The latest MiBR CSGO squad wasn’t supposed to be like this. They weren’t supposed to be underdogs heading into any kind of tournament. Just from the names on the roster alone, they should be right up there along with the likes of Natus Vincere and Team Liquid. Some would even argue that they should be Astralis’ biggest threat.
Currently, however, the all-new Brazilian MiBR CSGO lineup isn’t even close to contending — they can’t even win matches.
Again, this shouldn’t have happened.
Lest we forget the MiBR CSGO lineup that we see today is the same CS:GO lineup that SK Gaming fielded years ago that took the competitive scene by storm and was firmly on top, not just for weeks, but for months. But, even if we consider that the scene has improved since and that Astralis have set the bar so much higher than previous dominant squads like SK Gaming ever did, the current MiBR CSGO lineup is a far cry from even their performances playing under the SK Gaming banner.
So, what gives? What happened to the MiBR CSGO squad that they’re performing like this? And, more importantly, what does the future hold for this all-star lineup?
Where are the MiBR CSGO Lineup Currently At?
On paper, MiBR have one of the best lineups in all of CS:GO.
Just think about it. Nearly all five players have won a Major before. Not only that, majority of them have already achieved so much together. The only outlier is João ‘felps‘ Vasconcellos and his team with SK Gaming in 2017 started off in the right way and he only started under-performing right at the end when he started becoming unhappy with his role in the team.
Bringing together all five players together, along with arguably one of the best coaches in CS:GO in Wilton ‘zews‘ Prado, should have resulted into instant success.
Unfortunately, it hasn’t.
MiBR have yet to win a single tournament of note with their current lineup, and with a showdown against the likes of Astralis, Natus Vincere, and Team Liquid, as well as FaZe Clan, at the BLAST Pro Series Miami 2019, their sub 50% winrate with their current lineup over the past three months in LAN matches is only going to go down unless they do something to turn things around.
But, then again, what exactly can they do?
What Is Wrong with MiBR Now?
You could argue that MiBR are just going through the growing pains of a new lineup. Yes, they’ve played previously together before, but that was years ago. Two years, to be precise. A lot can happen during that happen. Players can change. Their personalities may have matured, but their games have also evolved, and what worked then may no longer work now, especially with the meta of today in CS:GO being drastically different from what was the meta then.
Still, it somehow feels like more than that.
You see, when you insert familiar players in familiar lineups, you kind of expect them to do better if not maintain their previous level. Prior to the disband, MiBR were doing relatively well. Yes, they may not have won big tournaments like the current lineup, but they were on the cusp multiple times. Also, while that team also had their down moments, they never really came this low — they won against lesser competition and looked competitive against elite CS:GO teams.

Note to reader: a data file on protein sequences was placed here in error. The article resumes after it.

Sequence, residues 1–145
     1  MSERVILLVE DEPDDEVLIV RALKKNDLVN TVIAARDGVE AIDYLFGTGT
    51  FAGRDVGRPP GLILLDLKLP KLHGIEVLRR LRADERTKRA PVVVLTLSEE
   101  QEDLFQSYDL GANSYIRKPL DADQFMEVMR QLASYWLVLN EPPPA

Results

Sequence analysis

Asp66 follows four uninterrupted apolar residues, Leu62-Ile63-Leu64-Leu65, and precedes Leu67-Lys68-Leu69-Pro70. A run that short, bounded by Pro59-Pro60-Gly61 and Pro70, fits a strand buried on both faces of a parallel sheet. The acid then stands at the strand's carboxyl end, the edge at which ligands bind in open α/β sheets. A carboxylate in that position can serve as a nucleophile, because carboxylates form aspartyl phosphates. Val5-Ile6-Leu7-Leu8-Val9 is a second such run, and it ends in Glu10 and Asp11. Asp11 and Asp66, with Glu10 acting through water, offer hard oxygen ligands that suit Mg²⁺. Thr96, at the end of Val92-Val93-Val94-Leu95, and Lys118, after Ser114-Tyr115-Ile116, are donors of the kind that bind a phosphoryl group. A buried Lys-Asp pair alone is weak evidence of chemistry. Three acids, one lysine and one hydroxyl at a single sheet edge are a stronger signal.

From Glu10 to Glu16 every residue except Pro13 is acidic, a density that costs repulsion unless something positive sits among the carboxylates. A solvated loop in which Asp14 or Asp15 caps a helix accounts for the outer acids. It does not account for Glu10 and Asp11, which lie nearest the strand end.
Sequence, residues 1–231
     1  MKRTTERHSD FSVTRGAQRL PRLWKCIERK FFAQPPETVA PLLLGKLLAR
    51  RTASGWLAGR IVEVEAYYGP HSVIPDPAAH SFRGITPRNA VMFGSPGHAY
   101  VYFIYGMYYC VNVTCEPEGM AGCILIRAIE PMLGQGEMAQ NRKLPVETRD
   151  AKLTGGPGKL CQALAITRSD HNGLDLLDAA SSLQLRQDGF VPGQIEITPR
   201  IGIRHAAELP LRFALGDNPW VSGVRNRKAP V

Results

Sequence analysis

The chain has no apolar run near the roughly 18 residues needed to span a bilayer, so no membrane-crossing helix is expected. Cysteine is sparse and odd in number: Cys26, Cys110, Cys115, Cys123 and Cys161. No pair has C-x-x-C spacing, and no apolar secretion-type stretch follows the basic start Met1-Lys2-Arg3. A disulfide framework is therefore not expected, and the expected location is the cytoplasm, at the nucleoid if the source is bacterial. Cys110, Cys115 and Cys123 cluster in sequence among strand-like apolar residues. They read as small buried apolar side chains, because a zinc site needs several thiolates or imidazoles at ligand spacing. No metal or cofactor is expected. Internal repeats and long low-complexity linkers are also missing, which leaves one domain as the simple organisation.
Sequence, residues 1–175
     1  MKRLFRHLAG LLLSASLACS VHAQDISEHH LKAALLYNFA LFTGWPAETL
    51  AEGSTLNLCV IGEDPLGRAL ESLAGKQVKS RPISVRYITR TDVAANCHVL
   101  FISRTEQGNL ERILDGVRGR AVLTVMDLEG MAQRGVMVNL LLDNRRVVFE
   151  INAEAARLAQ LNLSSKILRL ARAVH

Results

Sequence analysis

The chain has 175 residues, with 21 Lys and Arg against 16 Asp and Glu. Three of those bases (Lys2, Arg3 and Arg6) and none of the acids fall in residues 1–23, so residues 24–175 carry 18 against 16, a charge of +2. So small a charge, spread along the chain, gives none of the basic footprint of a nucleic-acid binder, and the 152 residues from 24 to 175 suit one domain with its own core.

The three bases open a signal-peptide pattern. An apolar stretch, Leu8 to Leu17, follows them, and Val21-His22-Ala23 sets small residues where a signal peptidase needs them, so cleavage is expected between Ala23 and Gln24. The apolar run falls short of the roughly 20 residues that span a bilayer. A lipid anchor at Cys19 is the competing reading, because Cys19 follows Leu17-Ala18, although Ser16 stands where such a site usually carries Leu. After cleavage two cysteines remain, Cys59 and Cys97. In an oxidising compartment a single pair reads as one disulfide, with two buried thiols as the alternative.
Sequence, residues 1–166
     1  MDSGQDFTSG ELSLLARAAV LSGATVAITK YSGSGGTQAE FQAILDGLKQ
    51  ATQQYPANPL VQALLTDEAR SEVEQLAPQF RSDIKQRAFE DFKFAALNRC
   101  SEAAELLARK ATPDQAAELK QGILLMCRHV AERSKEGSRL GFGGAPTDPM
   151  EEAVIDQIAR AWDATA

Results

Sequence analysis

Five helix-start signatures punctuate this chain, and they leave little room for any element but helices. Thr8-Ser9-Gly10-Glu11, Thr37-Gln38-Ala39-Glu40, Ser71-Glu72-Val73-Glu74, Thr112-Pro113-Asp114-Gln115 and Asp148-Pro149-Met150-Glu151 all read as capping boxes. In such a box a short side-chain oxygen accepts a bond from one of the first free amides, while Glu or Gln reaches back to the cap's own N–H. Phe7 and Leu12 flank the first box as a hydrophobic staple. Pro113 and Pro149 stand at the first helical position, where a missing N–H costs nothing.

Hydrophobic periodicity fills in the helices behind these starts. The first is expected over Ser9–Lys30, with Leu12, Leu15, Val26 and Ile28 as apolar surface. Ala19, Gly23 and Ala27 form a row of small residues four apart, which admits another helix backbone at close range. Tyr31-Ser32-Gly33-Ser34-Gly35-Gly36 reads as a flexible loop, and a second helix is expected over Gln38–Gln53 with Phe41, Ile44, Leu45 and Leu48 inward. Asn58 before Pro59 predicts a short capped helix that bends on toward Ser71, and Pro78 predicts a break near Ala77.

The problem with the current MiBR lineup isn’t that it’s a work in progress, it’s that it looks like it’s a lost cause.
Gabriel ‘FalleN‘ Toledo clearly isn’t going to start performing any better soon, but the rest of the team hasn’t exactly picked up the slack either. Even Marcelo ‘coldzera‘ David isn’t terrorizing servers anymore. Epitácio ‘TACO‘ de Melo, who was brought in to help provide support so that the rest of the team can amp up their aggression, looks out of place, and felps, who was supposed to be the wildcard, is doing anything but what’s expected of him.
Can MiBR Still Salvage This?
If there’s any hope for the current MIBR CSGO lineup, it’s that they’re fairly new.
This means that they should still have time to fix any of the weaknesses that they have and at least try to be competitive. Sure, that probably won’t be enough to satisfy the people signing their paychecks, but any sign of progress is at least better than regression, which is clearly what’s happening so far with MiBR.
Plus, there’s also the possibility that MiBR are just taking their time rounding into season form, and what we thought was signs of the team not knowing how to play together was just them experimenting to find out what worked best for them in the current state of the game.
We can never really truly tell what’s happening behind the scenes, after all.
Either way, we’ll find out soon enough which is which. MiBR will find themselves tested in the coming weeks ahead. After the BLAST Pro Series Miami 2019, they’ll be off to Sydney for IEM Sydney 2019, as well as EPL Season 9 — Americas.
This busy schedule should give MiBR enough of an idea if they can still salvage this or not. If not, then, there’s always the option of buying out another Brazilian player from another team, which is what MiBR was reportedly planning on doing anyway with Kaike ‘KSCERATO‘ Cerato before they settled with their current lineup.
It’s never easy to see a squad go through what the current MiBR CSGO lineup are going through, but sometimes, that’s just how things go. Sometimes, players team up and things go well. Other times, it doesn’t. There have been plenty of cases in the past when previously successfully lineups reunited only to fail to live up to the standards that they set previously, and that could very well be what could happen to MiBR.
Until then, we won’t jump to any conclusions yet.
For now, we’ll just have to wait and see what MiBR are going to do next.
What do you think is the future for the current MiBR lineup? Do you think they can turn things around and start living up to their potential? Or will this all-Brazilian experiment blow up in their face worse than last year’s English lineup did? Be sure to let us know your thoughts in the comments down below.